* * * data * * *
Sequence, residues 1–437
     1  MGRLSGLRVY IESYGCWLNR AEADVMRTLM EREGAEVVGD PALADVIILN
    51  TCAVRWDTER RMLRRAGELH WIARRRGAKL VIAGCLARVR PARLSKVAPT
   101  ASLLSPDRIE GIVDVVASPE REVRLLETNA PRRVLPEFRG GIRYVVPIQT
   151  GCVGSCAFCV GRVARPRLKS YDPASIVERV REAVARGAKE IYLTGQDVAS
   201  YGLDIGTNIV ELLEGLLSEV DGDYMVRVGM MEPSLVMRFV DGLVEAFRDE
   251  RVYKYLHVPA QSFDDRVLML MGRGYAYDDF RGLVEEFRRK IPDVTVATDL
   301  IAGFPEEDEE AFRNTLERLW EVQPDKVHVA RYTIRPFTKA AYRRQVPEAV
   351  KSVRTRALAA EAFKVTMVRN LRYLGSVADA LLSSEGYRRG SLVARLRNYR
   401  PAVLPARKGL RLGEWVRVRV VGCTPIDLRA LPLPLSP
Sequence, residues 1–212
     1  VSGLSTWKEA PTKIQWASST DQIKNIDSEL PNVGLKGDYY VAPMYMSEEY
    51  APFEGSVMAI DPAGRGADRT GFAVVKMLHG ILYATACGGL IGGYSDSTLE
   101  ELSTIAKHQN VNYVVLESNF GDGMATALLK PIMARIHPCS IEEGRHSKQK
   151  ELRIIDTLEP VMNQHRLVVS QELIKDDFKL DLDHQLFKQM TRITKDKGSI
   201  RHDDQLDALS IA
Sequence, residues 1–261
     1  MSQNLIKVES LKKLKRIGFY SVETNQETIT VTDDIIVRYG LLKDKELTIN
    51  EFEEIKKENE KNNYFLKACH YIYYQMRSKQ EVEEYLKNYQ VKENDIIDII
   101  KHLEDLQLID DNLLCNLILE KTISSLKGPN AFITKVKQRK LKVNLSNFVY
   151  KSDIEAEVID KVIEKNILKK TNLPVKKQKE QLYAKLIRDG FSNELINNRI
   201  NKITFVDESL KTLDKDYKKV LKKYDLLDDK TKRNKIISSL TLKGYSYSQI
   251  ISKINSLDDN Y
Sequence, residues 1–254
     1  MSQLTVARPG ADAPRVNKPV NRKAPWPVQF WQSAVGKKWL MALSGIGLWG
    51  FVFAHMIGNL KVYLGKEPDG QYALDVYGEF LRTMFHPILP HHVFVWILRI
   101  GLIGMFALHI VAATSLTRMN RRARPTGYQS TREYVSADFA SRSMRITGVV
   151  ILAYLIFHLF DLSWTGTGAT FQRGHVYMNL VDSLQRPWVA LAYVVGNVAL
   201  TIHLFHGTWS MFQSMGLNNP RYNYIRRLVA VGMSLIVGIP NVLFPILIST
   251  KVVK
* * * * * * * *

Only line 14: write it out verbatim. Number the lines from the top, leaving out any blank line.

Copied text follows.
   101  ELSTIAKHQN VNYVVLESNF GDGMATALLK PIMARIHPCS IEEGRHSKQK